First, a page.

Django Hello World

This post is part of my Django series. You can see an overview of the series along with instruction on how to get all the source code here.

Prerequisites

This article assumes that you have Django installed and configured correctly. You can check that Django is installed correctly with the following command a a terminal window.

$ python -c "import django; print(django.get_version())"

If Django is not installed please see the official installation notes. I would recommend using virtualenv.

Note: ensure that the python alias command is pointing to the right python version. Python 3.4 and 2.7 come shipped with my Linux box by default with the python alias pointing to 2.7. To save any potential breakages from updating the alias I simply run python3.4; the tutorial refers to the command python amusing it is pointing to the required version of python for your Django installation.

$ which python

What is Django?

Django is a MVT (MVC) web development framework for the Python programming language.

Similar to MVC the MVT or Model View Template design pattern uses templates as views and views as controllers.

Creating a Project

A Django website consists of a Project and one or more Apps. A project contains the configuration such as settings and URL routing config while Apps contain code which render HTML to the user.

To create a project open a terminal and CD into the directory which you want to create your project and run the following:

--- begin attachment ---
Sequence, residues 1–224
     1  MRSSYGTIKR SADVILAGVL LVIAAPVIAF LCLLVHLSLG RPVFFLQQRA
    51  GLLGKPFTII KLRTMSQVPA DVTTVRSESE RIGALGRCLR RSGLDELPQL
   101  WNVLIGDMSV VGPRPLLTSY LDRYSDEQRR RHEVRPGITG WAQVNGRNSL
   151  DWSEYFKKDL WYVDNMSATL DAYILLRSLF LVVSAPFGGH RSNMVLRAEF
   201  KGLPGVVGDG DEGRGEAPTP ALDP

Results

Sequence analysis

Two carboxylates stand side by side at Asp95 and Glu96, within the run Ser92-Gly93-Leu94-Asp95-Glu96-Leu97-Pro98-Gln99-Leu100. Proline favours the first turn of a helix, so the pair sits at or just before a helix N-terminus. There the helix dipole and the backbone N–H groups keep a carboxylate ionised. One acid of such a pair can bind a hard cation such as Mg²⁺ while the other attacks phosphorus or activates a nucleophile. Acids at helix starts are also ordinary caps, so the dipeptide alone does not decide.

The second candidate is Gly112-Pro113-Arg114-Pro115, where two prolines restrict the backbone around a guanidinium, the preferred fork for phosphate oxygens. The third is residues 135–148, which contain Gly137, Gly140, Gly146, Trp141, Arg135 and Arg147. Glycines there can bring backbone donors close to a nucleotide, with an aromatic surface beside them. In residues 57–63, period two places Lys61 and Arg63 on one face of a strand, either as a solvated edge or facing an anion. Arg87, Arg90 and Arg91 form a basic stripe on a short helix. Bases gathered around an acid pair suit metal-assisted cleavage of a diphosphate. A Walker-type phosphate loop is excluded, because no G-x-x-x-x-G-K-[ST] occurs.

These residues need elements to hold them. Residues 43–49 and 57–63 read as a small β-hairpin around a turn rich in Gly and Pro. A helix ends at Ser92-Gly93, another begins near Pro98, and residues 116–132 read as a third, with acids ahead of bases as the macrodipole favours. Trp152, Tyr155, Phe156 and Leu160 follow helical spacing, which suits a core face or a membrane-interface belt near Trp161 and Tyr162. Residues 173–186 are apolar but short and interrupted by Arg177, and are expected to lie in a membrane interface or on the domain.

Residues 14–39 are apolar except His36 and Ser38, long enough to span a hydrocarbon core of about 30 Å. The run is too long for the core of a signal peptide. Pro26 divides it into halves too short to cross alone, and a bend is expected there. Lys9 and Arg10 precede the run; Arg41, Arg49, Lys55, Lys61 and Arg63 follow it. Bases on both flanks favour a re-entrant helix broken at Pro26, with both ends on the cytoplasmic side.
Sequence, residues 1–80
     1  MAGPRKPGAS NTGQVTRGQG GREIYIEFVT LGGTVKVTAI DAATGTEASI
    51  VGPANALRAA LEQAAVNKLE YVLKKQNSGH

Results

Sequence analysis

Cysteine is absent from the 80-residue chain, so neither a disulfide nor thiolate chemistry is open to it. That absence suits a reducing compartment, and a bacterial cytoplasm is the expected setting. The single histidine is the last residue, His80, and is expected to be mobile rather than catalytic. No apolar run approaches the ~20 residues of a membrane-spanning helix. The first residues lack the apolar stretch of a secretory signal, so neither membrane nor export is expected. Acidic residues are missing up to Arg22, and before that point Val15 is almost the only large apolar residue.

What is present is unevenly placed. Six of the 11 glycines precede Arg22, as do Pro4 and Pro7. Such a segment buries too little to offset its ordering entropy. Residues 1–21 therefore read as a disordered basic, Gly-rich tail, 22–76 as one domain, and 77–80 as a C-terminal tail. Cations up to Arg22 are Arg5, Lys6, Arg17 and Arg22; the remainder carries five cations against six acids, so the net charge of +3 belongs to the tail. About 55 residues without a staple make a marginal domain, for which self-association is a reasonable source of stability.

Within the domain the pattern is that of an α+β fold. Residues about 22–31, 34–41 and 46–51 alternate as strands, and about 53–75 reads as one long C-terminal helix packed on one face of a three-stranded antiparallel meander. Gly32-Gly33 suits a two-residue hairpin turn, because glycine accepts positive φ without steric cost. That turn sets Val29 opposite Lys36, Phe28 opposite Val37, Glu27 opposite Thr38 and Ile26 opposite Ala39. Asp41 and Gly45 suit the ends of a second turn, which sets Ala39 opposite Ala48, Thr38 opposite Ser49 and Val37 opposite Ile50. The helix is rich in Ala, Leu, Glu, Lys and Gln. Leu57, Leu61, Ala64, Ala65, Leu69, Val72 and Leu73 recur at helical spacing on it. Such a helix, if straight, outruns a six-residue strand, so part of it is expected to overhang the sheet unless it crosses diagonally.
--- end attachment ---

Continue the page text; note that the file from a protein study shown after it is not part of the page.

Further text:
python django-admin startproject DjangoSandBox

Django has now created a default project set-up which resembles something like this:

DjangoSandBox/
    manage.py
    mysite/
        __init__.py
        settings.py
        urls.py
        wsgi.py

These files are:

  • manage.py: The Django command program; we use to create applications, make migrations, run the developer server and many other things
  • settings.py: The settings file for the project
  • urls.py: The URL routing config for the project
  • wsgi.py: Used for WSGI-compatible web servers

Read more about startproject.

Django comes preconfigured for database access with SQLite3. You can use other database vendors but we will assume SQLite3 is good enough for your development process.

Django is modular and comes preconfigured with some default Django apps contained within the INSTALLED_APPS list of settings.py. Some of these have tables which need to be generated and populated. We can do this with the following command.

python manage.py migrate

The above command will also create the database file if none is found. A db.sqlite3 file should now be generated and placed within the project directory.